Ep. 288: The Calligrapher and the Demon
In what may be some kind of record, the guys dig thru their overflowing mailbag and answer a bunch of listener emails, plus they find time to hear an Excuse of the Week, play a round of Pearls vs. Turds, and answer an LR question from prep test 65. It is an action-packed episode where the guys answer questions about career changes from being a calligrapher to becoming a lawyer, from opting out of law school to become a social worker, whether law schools offer accommodations for students with learning differences, and what to do about being waitlisted in an ultra-competitive cycle, and a bunch more.
As always, if you like the show and you want to get more from the Thinking LSAT community, check out the links below. You can connect with other folks studying for the LSAT, and get more useful resources from Nathan and Ben.
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2:08 – Logical Reasoning Question 23 from Section 4 of Prep Test 65
Have you ever thought about the evolution of dogs from wolves? Well whether you have or haven’t, you’ll be confronted with some thoughts about the matter in LSAT practice test 65. The guys tackle this late-in-the-test logical reasoning necessary-assumption (or, maybe, must-be-true) question. They take you through the argument line by line and discuss how they interpret the passage and how they use that understanding to catch the correct answer choice almost immediately.
15:18 – Pearls vs. Turds
It’s your (sometimes) weekly segment, Pearls vs. Turds! The part of the show where the guys consider some LSAT advice from out there in the ether—Reddit, Twitter, LSAT prep classes or books, your grandma—and decide whether the advice is a pearl of wisdom, worthy of following every time you approach the test or a lowly turd of wisdom that ought to go out with the bathwater. Today’s advice is brought to you by Justin Su’a (@justinsua on Twitter) by way of listener Rebecca. Justin says:
Part of embracing the process is understanding that no matter how focused you are or how hard you work, you can’t force how fast the results come. Manage your emotions as things unfold, when results aren’t lining up with your expectations, keep focusing on what you can control.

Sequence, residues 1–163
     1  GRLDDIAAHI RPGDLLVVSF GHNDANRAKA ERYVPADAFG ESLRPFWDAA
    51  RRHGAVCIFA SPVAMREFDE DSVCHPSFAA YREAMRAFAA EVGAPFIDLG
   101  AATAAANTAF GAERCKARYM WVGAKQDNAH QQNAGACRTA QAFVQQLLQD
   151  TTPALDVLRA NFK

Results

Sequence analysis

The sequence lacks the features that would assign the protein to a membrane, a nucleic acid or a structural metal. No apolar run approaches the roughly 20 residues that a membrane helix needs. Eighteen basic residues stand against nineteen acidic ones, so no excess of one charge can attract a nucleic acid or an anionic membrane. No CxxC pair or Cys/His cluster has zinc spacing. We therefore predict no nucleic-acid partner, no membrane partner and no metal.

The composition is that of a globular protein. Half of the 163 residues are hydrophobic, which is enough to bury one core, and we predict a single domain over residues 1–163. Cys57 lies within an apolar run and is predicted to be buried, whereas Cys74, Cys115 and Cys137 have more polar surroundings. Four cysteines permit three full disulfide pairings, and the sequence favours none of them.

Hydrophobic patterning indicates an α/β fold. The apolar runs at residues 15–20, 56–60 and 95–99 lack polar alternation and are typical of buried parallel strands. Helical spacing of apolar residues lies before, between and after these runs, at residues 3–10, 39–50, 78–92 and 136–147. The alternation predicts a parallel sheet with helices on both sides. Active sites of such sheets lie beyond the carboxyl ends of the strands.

In a rare win for the advice, the guys deem this one a pearl. LSAT students usually want to see results as quickly as possible. But focusing solely on the outcome takes you out of the process! The guys agree, focus on what you can control and what you can do now, and the results will come over time.
20:49 – Excuse of the Week
Back. To. Back. It’s another (sometimes) weekly segment, Excuse of the Week, wherein the guys take a look at excuses heard in LSAT classrooms around the globe. This week’s excuse? “I wish I could read it out loud…” Yeah… you and everyone else. Here’s the deal: you really aren’t doing yourself any favors by making this excuse. You’re keeping yourself closed to progress and understanding. You won’t be able to read aloud on the LSAT, nor will you be able to read aloud on law school exams, or in a court of law. Focus on reading and understanding—without reading aloud—and you’ll be improving your reading comprehension skills in a way that will serve you in many, many points along your law career.
29:42 – Thinking LSAT reviews on Apple Podcasts
The guys read through some reviews—both positive and not so positive—for Thinking LSAT. Nathan is confronted with a review that asserts he has unresolved childhood trauma. I mean…don’t we all?
32:17 – LSAT Demon = Score “Miracle Worker”?
Kevin has had an absolutely smashing experience with The LSAT Demon. After just two months of studying with the LSAT Demon, he saw his score jump from a diagnostic of 145 to an official score of 165. Ben and Nathan take a moment to celebrate Kevin on his life-changing jump and also to chat about how badass the Demon is.
34:46 – The Calligrapher and The Demon
Angi is a successful artist and calligrapher. Like making-six-figures-with-your-handwriting successful. But she’s considering a career change…and is thinking about becoming a lawyer! Womp womp womp! That sounds like the most boring and godawful decision ever tbh, Angi. Still, the guys take the time to answer Angi’s questions.
How important are letters of recommendation and how important are the authors? Not terribly important on both counts. The person writing your LOR should know you—that’s about it. LSAT score and GPA are carrying most of the water for you.
What’s the cutoff to apply for law school in 2022? You should apply as early in the cycle as possible. Yeah…if you get much past October, you really should consider waiting another cycle to give yourself the best chance of getting a great offer.
51:27 – Learning Differences in Law School